Compared to What?
For all its limitations and inconsistencies, our knowledge of accident pilots and their aircraft is incomparably richer and more complete than our picture of the population from which they’re drawn. The FAA does publish raw numbers of “active” pilots (defined as holding current medical certificates) by certificate level, age and gender, but there is no reliable source of information on the experience, level of activity, involvement in recurrent training, health, time in type or instrument currency of the hundreds of thousands of pilots who avoid accidents every year.
This makes it impossible to put whatever descriptions of accident pilots we can make into meaningful context. Suppose, for example, that 40 percent of the private pilots had less than 250 hours of total time. If only 20 percent of all private pilots claimed 250 hours or less, this would suggest an excess risk but would demonstrate a protective effect if that proportion was really 70 percent. With no way to know which is closer to the truth, there’s no way to tell whether 40 percent is good, bad or exactly as expected.
So how accident risk relates to total experience, current level of activity and time in make and model are among the questions we don’t have the data to answer. Another question of at least equal practical importance is comparing different aircraft models.
The annual FAA activity survey that provides our overall estimates of flight activity (see the sidebar on the opposite page, “Rates and Measures”) doesn’t collect enough data to pin down annual flight time by make and model. Without a benchmark against which to standardize, the raw numbers of accidents don’t provide much information. (A retired airline captain of our acquaintance liked to tell prospective passengers that his Cessna 172 was “the most frequently crashed airplane in history”—a distinction owing more to the tens of thousands produced in the type’s ongoing 60-plus-year history than any design flaw.)
Triennial registration has helped narrow the gap between aircraft registered and aircraft flying, but attempting to standardize by fleet size rests on untestable assumptions about not only how much they’re flown, but for what purposes. We already know that the accident profile of flight instruction is quite different from that of personal travel; how would that inform a contrast between Skyhawks and Skylanes?
So what can we do with the numbers that are out there? Here are a few suggestions:
• Pay attention to who’s pushing them. If the figures align too neatly with the interests of their purveyor, reach for the salt shaker.
• Be wary of percentages; discount them completely if you can’t answer “percent of what?” Remember, one may go down just because another went up (or vice versa). Is a lower share of runway excursions than in other taildraggers of similar size evidence of better ground manners, or more frequent engine failures?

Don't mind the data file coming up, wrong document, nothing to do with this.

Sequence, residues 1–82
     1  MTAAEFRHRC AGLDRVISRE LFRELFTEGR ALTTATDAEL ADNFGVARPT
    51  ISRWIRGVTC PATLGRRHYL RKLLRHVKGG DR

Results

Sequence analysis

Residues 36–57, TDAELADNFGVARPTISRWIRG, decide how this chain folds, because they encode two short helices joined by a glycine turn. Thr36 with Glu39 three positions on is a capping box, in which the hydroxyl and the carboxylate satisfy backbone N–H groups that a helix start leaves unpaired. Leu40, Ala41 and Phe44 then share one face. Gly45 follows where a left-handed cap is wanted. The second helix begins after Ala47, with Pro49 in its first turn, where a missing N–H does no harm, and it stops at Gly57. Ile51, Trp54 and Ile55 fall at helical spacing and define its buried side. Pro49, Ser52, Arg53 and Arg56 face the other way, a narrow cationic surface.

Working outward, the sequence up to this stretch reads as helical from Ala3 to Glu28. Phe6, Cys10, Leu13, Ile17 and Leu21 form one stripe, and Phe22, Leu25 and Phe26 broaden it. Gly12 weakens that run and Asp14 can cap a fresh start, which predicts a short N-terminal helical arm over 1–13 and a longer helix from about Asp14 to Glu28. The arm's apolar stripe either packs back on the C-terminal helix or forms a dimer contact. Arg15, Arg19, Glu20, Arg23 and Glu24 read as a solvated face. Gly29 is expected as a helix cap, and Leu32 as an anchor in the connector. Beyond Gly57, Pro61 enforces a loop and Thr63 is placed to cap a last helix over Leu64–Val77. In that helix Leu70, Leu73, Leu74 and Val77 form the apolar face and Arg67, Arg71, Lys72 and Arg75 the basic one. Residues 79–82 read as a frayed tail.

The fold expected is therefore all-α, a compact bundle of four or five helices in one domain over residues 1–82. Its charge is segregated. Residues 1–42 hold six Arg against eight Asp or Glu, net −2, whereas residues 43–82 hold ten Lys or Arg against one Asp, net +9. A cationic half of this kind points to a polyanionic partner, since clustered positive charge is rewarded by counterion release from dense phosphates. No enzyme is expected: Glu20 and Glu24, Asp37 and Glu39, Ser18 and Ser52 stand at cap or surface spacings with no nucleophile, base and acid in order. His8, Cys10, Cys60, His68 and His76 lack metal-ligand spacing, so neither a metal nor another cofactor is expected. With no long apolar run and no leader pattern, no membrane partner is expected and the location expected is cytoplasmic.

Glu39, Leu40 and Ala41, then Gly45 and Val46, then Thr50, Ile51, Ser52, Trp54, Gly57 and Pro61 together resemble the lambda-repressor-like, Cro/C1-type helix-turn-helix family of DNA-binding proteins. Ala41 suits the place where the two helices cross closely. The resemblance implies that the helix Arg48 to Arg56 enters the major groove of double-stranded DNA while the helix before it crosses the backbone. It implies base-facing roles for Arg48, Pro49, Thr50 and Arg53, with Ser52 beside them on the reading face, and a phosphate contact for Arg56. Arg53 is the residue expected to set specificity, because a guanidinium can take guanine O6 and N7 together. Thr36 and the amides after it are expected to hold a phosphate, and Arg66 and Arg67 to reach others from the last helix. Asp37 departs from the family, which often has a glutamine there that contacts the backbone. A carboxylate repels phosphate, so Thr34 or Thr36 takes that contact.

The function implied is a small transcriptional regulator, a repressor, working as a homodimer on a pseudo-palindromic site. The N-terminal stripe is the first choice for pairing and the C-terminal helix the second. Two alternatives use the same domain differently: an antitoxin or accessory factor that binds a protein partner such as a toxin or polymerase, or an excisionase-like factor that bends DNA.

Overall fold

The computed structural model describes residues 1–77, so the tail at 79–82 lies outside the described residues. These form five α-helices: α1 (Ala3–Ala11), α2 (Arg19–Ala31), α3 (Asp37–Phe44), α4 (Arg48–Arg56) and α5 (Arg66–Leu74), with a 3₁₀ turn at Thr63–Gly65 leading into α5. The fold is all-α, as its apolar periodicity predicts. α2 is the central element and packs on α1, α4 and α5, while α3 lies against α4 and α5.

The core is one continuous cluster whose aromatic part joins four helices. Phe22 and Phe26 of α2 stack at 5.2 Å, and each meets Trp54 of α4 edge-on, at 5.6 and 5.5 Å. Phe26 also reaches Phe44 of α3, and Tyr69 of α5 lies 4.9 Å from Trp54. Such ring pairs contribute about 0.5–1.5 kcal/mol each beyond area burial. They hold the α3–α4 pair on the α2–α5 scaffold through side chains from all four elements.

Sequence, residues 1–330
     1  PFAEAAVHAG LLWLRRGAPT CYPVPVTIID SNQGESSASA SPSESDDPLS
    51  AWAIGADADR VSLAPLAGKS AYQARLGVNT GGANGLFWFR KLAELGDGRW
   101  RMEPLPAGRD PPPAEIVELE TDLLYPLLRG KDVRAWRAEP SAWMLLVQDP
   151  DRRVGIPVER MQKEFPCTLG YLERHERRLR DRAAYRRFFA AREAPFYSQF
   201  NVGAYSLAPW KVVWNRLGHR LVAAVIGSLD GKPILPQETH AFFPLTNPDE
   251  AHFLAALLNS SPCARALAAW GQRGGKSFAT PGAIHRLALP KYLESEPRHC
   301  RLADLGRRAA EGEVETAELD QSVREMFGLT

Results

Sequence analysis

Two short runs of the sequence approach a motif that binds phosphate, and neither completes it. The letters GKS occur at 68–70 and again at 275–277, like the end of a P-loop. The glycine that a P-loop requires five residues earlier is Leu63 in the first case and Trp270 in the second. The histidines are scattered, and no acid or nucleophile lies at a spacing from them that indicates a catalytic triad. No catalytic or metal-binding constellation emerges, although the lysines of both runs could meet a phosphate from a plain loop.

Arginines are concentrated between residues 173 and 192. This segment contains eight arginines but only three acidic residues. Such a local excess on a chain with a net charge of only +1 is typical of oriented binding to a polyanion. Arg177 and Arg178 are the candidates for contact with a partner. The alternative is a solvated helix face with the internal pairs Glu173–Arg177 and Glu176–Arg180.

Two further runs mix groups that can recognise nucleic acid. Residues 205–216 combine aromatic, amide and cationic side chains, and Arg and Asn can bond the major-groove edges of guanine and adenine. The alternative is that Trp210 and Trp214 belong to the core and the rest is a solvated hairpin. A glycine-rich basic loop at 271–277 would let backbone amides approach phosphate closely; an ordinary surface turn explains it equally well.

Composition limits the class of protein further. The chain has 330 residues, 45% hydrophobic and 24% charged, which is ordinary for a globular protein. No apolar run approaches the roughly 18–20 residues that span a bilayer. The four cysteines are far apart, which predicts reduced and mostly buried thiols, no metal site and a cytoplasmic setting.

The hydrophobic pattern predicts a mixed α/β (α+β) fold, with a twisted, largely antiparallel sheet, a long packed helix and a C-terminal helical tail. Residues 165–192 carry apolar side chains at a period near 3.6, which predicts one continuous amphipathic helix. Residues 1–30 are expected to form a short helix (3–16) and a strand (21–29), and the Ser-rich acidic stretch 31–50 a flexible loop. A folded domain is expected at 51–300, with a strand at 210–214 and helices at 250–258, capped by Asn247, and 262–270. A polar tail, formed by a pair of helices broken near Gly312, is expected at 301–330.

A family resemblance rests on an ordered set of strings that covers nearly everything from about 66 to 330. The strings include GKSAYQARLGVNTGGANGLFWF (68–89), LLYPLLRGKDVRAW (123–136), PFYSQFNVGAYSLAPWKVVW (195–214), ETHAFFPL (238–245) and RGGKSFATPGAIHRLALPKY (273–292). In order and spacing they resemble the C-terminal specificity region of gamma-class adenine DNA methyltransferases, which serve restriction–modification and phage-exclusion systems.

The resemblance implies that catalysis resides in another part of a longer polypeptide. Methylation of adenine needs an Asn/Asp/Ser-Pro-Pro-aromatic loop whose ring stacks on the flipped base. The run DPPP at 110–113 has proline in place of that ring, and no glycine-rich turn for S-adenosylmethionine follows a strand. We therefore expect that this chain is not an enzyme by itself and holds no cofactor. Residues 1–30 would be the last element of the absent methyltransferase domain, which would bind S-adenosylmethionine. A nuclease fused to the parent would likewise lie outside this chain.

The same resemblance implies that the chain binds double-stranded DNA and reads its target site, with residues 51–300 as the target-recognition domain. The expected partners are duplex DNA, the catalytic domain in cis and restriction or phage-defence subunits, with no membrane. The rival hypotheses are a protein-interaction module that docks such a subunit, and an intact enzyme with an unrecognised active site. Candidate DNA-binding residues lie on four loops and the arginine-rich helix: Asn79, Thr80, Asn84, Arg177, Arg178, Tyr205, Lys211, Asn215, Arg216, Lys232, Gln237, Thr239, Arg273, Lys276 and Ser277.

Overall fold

• Don’t overinterpret short-term fluctuations. A one-year drop from 1.05 to 1.01 fatal accidents per 100,000 flight hours could easily be noise in the data. Invest some trust in recurrent trends measured by methods that haven’t changed, but maintain perspective. Five straight years of consecutive declines may suggest a real improvement, but the real-world significance of a decrease from 1.05 to 0.97 is less than overwhelming. Use your common sense.
Rates and Measures
“Rate” is one of those words commonly used in ways far outside their technical meaning. To a statistician, a rate is the average number of events for some fixed measure of exposure (usually time, though “bushels per acre” is a familiar example of a spatially based rate). The observed event count is one realization of a random process—a long-term average of 10 might produce nine one year and 12 the next—but the associated exposure is usually known without error. What makes general aviation accident rates difficult to compare is that the most relevant measure of exposure has to be estimated. Those estimates are also subject to random variation.
Since more flying means more chances for mischief, accidents are gauged against aggregate flight time, which changes considerably from year to year. The FAA’s annual activity survey estimates it within segments of the industry from a random sample of aircraft owners; some categories, including Alaskan operators, are surveyed more intensively than others. The sample selection process itself, who actually responds and how carefully they review their records all introduce random fluctuations that make the survey results imperfectly representative. When published, the results include estimates of the resulting margins of error.
You Don’t Call This “Substantial?”
The NTSB’s definition of “substantial damage” found in 14 CFR Part 830 specifically excludes: “Engine failure or damage limited to an engine if only one engine fails or is damaged, bent fairings or cowling, dented skin, small punctured holes in the skin or fabric, ground damage to rotor or propeller blades, and damage to landing gear, wheels, tires, flaps, engine accessories, brakes, or wingtips….” That’s a lot of shop time and replacement parts, and it’s often enough to cause insurers to write off older retractable models that suffer gear-up landings. But unless there’s a fire or other parts of the airframe get bent, these don’t appear in the accident database.
During 2017, for example, reports of 167 gear-up landings appeared in the FAA’s daily preliminary reports (we’ve been logging them). Eleven were the result of either mechanical failures in the gear-extension or electrical systems, or deliberate choices by pilots facing off-field landings. Of the remaining 156, only 12 qualified for reporting to the NTSB. At a probably conservative estimate of $50,000 each, the 92 percent that didn’t make the cut represent $7.2 million in additional repair or settlement expenses, and would have increased that year’s accident count and the associated rate estimate by a solid 10 percentage points.
David Jack Kenny has been a statistician twice as long as he’s been a pilot, but enjoys flying more than twice as much as analyzing data. He’s a fixed-wing ATP with commercial privileges for helicopters.